Inside the Green Zone

Backyard farms, sidewalk crops, and other ideas for urban growth.

in the 1960s, landscape architect Karl Linn transformed vacant lots in cities across the nation into “neighborhood commons”—early prototypes of the community garden. Contemporary food activists are defining urban agriculture more broadly, looking for ways to harvest fruits and veggies almost anywhere a seed will take root, from tiny backyards to 1600 Pennsylvania Avenue.


Finders Keepers “There is a ton of wild produce out there,” says 27-year-old Iso Rabins, founder of ForageSF, a San Francisco-based csa (community supported agriculture) startup whose members will be able to barter whatever they find growing in the city, from blackberries in parks to fennel in empty lots. In a similar vein, Fallen Fruit, a Los Angeles collective, produces maps of fruit trees whose branches overhang streets and sidewalks—”public fruit” ripe for the picking. Cofounder David Burns urges fellow urban gatherers not to get sticky fingers. “This is about making relationships,” he says, “not just grocery shopping.”

Going Hyperlocal Unable to find an affordable spot to start an organic farm in Oregon, Donna Smith launched Your Backyard Farmer and now tills 47 plots in Portland. Clients pay her $1,575 a year to plant and tend home gardens that yield enough organic produce for three. Meanwhile, in Oakland and San Francisco, Forage Oakland and MyFarm help their members share their backyard harvests with one another. MyFarm’s Chris Burley envisions a food chain where produce travels just “20 feet from farm to fork.”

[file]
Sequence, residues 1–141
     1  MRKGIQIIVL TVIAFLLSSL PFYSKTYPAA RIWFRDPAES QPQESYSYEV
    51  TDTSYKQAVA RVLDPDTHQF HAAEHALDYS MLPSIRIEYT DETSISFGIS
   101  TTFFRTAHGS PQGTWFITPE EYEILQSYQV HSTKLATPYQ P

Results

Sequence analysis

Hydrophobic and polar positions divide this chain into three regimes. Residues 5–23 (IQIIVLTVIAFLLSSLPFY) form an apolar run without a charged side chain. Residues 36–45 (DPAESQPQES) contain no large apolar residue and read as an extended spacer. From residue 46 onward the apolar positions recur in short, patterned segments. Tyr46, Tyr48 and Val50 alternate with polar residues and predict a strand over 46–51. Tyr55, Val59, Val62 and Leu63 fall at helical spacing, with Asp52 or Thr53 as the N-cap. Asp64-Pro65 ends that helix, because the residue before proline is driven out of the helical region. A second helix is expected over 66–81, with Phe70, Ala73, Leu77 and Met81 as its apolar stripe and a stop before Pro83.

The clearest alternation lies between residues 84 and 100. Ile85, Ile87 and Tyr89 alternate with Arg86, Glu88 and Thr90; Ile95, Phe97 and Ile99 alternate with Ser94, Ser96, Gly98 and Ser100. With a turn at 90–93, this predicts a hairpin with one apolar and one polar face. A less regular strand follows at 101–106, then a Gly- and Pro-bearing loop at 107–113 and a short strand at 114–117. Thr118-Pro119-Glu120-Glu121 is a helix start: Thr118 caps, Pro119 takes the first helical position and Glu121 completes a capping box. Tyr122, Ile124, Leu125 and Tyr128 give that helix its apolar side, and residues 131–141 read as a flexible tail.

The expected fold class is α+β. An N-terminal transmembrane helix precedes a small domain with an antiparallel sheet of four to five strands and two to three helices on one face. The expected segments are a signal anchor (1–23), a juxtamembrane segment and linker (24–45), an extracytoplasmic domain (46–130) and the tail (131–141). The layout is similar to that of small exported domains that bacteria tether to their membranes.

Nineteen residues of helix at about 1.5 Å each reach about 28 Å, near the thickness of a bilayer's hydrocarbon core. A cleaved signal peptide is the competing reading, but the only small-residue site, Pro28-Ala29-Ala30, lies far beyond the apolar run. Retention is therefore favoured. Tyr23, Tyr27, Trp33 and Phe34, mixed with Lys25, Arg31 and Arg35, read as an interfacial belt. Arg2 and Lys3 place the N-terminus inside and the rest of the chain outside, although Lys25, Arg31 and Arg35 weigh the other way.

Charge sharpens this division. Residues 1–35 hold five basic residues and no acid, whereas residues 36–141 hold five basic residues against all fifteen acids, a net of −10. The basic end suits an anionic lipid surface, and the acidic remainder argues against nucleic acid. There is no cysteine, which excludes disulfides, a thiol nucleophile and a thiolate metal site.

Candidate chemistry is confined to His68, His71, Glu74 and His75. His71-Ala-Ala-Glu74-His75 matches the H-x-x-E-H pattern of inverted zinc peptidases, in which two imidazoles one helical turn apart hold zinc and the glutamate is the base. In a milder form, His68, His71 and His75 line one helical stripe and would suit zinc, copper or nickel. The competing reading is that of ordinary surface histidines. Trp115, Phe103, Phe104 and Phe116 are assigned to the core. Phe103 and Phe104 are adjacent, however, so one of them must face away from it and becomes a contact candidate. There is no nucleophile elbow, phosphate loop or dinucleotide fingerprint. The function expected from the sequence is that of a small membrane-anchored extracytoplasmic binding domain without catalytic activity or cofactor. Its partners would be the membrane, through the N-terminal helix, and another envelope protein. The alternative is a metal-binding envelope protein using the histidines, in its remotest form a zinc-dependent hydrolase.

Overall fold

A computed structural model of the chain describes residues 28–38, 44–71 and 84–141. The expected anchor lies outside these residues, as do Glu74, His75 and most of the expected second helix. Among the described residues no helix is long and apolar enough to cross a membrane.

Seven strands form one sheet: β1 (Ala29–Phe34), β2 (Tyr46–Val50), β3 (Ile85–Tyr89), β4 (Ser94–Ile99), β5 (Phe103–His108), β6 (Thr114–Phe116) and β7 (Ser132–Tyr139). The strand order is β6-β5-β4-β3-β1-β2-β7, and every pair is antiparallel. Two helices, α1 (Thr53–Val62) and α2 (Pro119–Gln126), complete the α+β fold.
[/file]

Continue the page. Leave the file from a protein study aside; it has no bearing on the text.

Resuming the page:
Government Plots Last year, Daniel Simon, cofounder of the White House Organic Farm Project, drove cross-country in a school bus with a rooftop garden to promote sowing crops outside the Oval Office. President Obama has yet to say if he’ll take a cue from Eleanor Roosevelt, who planted a victory garden during World War II, inspiring a home gardening revival that once grew 40 percent of the country’s veggies. But the idea of civic gardening has grown on San Francisco mayor Gavin Newsom. Last summer, he put a quarter-acre garden in front of City Hall and has since planted a strawberry patch atop a bus shelter. And the city of Seattle’s P-Patch program annually harvests more than seven tons of produce for food banks. Its 2,500 plots have inspired others in unlikely places—like the raised bed that bank employees planted next to their drive-through window.


Mother Jones was founded as a nonprofit in 1976 because we knew corporations and the wealthy wouldn't fund the type of hard-hitting journalism we set out to do.

Today, reader support makes up about two-thirds of our budget, allows us to dig deep on stories that matter, and lets us keep our reporting free for everyone. If you value what you get from Mother Jones, please join us with a tax-deductible donation today so we can keep on doing the type of journalism 2019 demands.

We Recommend


Sign up for our newsletters

Subscribe and we'll send Mother Jones straight to your inbox.

Get our award-winning magazine

Save big on a full year of investigations, ideas, and insights.


Support our journalism

Help Mother Jones' reporters dig deep with a tax-deductible donation.


We have a new comment system! We are now using Coral, from Vox Media, for comments on all new articles. We'd love your feedback.